A new design competition for the Western Australian region of Hilton seeks to re-define what we think about when we think about public housing.
This week, the Hilton Design Competition put out a call for architects to design “a new kind of public housing” for Hilton, an area approximately five kilometres east of Fremantle. A design brief for the project specifies a search for “novel” housing typologies that “challenge expectations and generate variety, equity and affordability”.
“Well-designed public housing promotes economic and social diversity and improves the quality of life for its residents,” reads the competition brief.
“Without public housing, many vulnerable Australians would be unable to access accommodation, forcing them to make desperate choice about how they meet their need for shelter.
“Place-responsive infill housing can also create more sustainable cities by providing diversity in the housing market, by countering urban sprawl, by creating more opportunities for social engagement, and by consolidating services to deliver better public infrastructure.”
One of the competition aims is to demonstrate how, through sensitive design, public housing can help retain and reinforce the urban character of an area.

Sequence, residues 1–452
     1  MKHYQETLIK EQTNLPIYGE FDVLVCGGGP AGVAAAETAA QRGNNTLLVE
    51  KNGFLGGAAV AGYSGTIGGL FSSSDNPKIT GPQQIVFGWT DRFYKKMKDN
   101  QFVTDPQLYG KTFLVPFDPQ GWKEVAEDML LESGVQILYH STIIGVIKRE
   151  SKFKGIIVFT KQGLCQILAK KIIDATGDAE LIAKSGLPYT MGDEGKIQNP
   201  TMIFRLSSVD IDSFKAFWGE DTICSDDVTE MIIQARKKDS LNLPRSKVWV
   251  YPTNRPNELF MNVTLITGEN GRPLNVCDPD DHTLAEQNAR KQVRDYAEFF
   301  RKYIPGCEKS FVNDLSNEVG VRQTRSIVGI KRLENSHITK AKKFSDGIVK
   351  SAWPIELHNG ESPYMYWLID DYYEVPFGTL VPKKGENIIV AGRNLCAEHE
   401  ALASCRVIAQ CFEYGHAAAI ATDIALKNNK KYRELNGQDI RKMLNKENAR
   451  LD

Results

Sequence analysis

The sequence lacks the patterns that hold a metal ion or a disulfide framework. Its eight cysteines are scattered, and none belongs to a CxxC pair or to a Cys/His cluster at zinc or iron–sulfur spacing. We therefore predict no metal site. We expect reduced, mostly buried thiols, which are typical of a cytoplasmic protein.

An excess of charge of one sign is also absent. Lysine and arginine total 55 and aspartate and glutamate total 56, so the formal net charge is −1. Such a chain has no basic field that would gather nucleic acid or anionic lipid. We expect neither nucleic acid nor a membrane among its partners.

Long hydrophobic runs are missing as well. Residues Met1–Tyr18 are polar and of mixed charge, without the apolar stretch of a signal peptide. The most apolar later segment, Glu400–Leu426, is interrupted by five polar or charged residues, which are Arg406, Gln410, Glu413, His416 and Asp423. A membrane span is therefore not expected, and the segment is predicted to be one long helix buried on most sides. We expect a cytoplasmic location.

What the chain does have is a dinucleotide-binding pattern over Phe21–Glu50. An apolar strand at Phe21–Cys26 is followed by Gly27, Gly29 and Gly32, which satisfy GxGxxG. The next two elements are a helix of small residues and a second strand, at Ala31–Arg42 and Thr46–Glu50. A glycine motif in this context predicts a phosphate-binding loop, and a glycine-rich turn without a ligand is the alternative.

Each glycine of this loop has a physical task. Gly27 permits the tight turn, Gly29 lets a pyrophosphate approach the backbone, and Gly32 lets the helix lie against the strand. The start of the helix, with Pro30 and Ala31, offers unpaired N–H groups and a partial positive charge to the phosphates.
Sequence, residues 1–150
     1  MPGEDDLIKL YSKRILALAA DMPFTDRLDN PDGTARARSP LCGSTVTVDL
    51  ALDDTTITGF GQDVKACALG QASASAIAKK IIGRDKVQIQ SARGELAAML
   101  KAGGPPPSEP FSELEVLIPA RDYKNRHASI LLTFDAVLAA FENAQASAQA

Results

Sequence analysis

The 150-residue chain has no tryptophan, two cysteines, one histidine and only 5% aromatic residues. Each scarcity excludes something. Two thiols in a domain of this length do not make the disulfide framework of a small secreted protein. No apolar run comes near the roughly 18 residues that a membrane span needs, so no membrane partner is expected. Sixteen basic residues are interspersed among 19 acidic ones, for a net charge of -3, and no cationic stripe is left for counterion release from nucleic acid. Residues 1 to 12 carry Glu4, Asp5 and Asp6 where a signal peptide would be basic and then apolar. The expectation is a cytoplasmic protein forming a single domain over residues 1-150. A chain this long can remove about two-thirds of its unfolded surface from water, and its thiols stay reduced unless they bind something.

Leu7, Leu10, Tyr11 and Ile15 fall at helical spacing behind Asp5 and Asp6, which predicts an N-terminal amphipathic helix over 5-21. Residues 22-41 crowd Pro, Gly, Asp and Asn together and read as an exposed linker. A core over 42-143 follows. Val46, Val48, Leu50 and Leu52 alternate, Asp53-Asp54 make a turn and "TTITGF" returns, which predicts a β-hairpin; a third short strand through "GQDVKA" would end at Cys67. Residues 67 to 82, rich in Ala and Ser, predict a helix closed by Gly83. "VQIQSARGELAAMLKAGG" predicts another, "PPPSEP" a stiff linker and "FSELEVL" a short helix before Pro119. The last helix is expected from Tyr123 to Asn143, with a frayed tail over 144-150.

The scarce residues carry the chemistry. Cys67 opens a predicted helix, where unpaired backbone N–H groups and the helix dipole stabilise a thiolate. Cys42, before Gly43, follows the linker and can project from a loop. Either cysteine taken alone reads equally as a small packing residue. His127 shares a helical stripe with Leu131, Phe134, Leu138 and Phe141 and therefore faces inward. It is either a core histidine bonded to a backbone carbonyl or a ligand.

For instance, many of the buildings in Hilton were designed and prefabricated in Austria towards the end of WWII. While this model has become an important aspect of Hilton’s character, much of this residential stock fails to meet current accessibility stands – a particular problem for older tenants. The lack of housing diversity in the area, coupled with gentrification, has contributed to Hilton’s growing unaffordability.
Initiated by the Housing division of the Department of Communities in Western Australia, the Hilton Revitalisation Projects seeks to provide innovative solutions to the problem of inadequate low- to moderate-income housing. The competition has been endorsed by the Australian Institute of Architects (AIA) and developed in consultation with the office of the Western Australian government architect.
The competition will run across two stages. Stage one will require entrants to submit an initial concept for two public housing units of up to 80 square metres. A maximum of four shortlisted entrants will be invited to participate in stage two, which will require the submission of a developed concept based on the initial design stage. This latter, more detailed concept needs to be able to be rolled out across six specified infill lots in Hilton.
A contract will be offered to the winning entrant, who will be given the opportunity to apply their model to the design of 14 new public housing units on seven battle-axe lots in Hilton.
“The Hilton Design Competition will tackle these challenges [of housing diversity and unsustainable urban sprawl] by demonstrating how design quality can be achieved through an ‘economy of means’ to create public housing that is modest, inclusive and ‘placeful’,” reads the design brief.
More information on the Hilton Design Competition can be found here.